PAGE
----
Hammock on the Bayou
Trip Report – Hanging On The Bayou
I’ve pitched my hammock in a lot of amazing places over the years, from the rugged Na’ Pali Coast in Kauai to the cliffs of the Grand Canyon, but I have yet to hang over a body of water. So when I saw photos of Ryan and Jamie’s trip in Louisiana, I got jealous. I asked Ryan if he would share his experience “hanging over the bayou” that I could post here.
Do you have an Ultimate Hang you’d like to share? Send me a note!
WHEN: April 4, 2012
LOCATION: Lake Martin, Louisiana
PURPOSE: Two men set out on a journey to hang over water
HANGERS: Ryan Granger, Jamie Miller
From Ryan Granger & Jamie Miller, two guys that always turn a trip into an adventure!
“Having read and seen pictures in The Ultimate Hang, both Ryan Granger and myself (Jamie Miller) knew this was something we had to do.
“We signed up for an evening paddle trip put on by a local gear shop (Pack and Paddle) from 5 to 9 PM giving us the perfect opportunity we were looking for to sleep over water.
“Setting up a hammock and tarp over water proved to be much more difficult than expected. Without having stable ground to walk on and a constant shifting kayak under our feet was a challenge. Pulling the tarp ridge line tight was one of the greatest challenges because the kayak wanted to go in the opposite direction from the pull. After two-and-a-half hours our setup was complete.
“Having never before attempted this sort of adventure, we brought the equipment we already had for a night in the woods. As lightweight backpackers, we quickly found out the gear we normally carry would work but had to be modified greatly for an over water experience. For example: as a lightweight backpacker all of our gear is normally stored in one backpack, but in a boat it is more convenient to store multiple item in separate waterproof containers for easy access.
“Another example is the tarp setup had to be changed. Without having ground under us to secure our tie outs, we had to use longer-than-normal guy line and had to tie to trees that were not in the best position for a proper tarp setup. A full-length tarp ridge line is a highly recommended. String it up first without the tarp, then set up the hammock. This is the only thing you will be able to hold on to during set up!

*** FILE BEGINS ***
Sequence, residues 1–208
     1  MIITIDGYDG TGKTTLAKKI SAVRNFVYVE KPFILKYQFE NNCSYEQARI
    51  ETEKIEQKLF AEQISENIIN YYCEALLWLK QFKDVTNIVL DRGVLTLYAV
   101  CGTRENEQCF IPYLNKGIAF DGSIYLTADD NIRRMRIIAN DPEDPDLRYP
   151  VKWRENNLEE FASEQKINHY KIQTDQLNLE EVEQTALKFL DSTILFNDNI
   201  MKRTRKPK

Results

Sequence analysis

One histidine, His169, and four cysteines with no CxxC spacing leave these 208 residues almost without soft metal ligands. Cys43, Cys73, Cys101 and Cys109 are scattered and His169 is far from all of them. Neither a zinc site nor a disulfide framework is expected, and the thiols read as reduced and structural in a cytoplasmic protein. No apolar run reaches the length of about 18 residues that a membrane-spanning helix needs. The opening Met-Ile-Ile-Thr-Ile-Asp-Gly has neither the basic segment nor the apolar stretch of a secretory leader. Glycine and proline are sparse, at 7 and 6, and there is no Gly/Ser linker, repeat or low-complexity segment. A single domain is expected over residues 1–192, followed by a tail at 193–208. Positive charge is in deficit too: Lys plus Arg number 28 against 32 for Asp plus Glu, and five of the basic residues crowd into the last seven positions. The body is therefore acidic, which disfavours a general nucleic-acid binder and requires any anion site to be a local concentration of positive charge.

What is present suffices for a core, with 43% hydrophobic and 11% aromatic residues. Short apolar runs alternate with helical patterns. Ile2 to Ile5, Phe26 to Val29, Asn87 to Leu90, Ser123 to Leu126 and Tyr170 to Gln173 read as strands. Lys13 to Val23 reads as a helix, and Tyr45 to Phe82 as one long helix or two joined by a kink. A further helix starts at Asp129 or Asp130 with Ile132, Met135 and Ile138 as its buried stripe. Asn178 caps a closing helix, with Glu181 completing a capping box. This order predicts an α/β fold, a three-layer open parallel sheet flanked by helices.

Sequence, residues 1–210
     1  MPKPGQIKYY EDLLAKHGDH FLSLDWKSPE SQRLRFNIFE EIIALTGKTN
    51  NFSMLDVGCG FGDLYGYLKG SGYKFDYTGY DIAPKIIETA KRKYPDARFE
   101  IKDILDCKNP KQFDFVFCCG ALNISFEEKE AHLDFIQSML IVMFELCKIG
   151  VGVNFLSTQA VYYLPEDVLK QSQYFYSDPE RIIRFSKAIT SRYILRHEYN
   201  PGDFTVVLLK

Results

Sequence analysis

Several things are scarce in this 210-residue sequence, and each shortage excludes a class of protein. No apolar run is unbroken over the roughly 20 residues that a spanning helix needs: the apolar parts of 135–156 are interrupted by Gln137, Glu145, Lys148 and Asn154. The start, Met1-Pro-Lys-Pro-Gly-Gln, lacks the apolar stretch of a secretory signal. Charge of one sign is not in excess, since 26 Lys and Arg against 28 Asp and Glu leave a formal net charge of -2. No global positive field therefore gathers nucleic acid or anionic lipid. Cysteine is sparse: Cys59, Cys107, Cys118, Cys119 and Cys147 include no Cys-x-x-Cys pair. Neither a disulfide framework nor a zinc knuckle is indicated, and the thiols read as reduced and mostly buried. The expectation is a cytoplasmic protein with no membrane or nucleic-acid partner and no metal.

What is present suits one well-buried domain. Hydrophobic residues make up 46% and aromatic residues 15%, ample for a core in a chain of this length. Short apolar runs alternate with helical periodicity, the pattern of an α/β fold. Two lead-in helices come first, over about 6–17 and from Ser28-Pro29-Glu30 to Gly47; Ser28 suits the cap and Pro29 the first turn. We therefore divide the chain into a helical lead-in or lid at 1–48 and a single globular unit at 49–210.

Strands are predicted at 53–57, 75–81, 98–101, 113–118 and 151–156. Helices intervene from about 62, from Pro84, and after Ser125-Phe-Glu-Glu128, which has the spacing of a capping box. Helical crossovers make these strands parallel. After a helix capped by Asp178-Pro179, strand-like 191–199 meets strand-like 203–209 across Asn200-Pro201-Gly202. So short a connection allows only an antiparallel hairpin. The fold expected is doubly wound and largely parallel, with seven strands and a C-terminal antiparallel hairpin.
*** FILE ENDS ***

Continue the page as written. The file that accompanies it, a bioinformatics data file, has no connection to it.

“After setting up the hammocks, we finished our paddle trip and had dinner with the group. Once dinner was complete, we set out to find out hammocks in the dark. Finding camp in the dark proved harder than expected. Without the reflective ribbon and guylines on Ryan’s orange tarp, finding camp would have been nearly impossible.
“The lay in a hammock over water is the same as the lay in a hammock in the woods: it’s the getting in and out that are different. Getting into a hammock over water takes a lot more planning and balance. The kayak has to be tied lengthwise under the hammock, but not directly under. Getting out was much more difficult as the kayaks moved a bit in the night.
“The take-down process was much easier and faster than the set-up. Breakfast was also a learning experience. The only places to cook are the hammock or the boat. A canister stove was our only option because it does not get hot on the bottom, has an on/off switch, and a larger platform for stability.
“After all the excitement of a new hanging experience, it had to end with a sad paddle back to shore and a ride home.”
- Life vest
- Extra rope/line (floating is preferred)
- Multiple waterproof stuff sacks
- Tie-down straps/rope
- Wet shoes ( any shoe that dries fast when wet)
- Water proof sunscreen and bug repellent
- Sunglasses (the sun off the water can also harm your eyes)
- Hat (or any other for of head protection)
- Extra change of DRY clothes
- Headlamp (extra batteries)
- Ridge line light
- Reflective tape/line
- Gas stove (No alcohol or wood burning stoves because of the heat that will burn the boat or hammock when cooking)
- Cook kit
- Simple meals (small work space limit’s the space for food prep)
- Water and purifier
- Top and Bottom insulation